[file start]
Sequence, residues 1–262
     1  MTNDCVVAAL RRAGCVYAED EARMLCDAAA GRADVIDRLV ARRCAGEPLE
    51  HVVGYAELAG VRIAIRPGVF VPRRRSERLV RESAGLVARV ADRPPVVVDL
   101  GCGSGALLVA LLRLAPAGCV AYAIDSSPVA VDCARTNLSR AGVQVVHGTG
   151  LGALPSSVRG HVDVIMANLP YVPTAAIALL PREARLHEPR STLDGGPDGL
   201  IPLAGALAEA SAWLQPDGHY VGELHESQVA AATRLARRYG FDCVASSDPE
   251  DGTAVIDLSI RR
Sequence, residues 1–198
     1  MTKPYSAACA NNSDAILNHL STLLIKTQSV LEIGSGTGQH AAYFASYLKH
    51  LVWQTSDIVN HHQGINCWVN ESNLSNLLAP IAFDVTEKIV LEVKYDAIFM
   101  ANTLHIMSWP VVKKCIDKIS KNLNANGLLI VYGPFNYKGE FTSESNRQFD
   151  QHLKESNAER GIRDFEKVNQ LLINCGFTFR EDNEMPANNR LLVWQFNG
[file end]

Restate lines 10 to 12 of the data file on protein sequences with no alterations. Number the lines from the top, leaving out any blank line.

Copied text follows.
    51  LVWQTSDIVN HHQGINCWVN ESNLSNLLAP IAFDVTEKIV LEVKYDAIFM
   101  ANTLHIMSWP VVKKCIDKIS KNLNANGLLI VYGPFNYKGE FTSESNRQFD
   151  QHLKESNAER GIRDFEKVNQ LLINCGFTFR EDNEMPANNR LLVWQFNG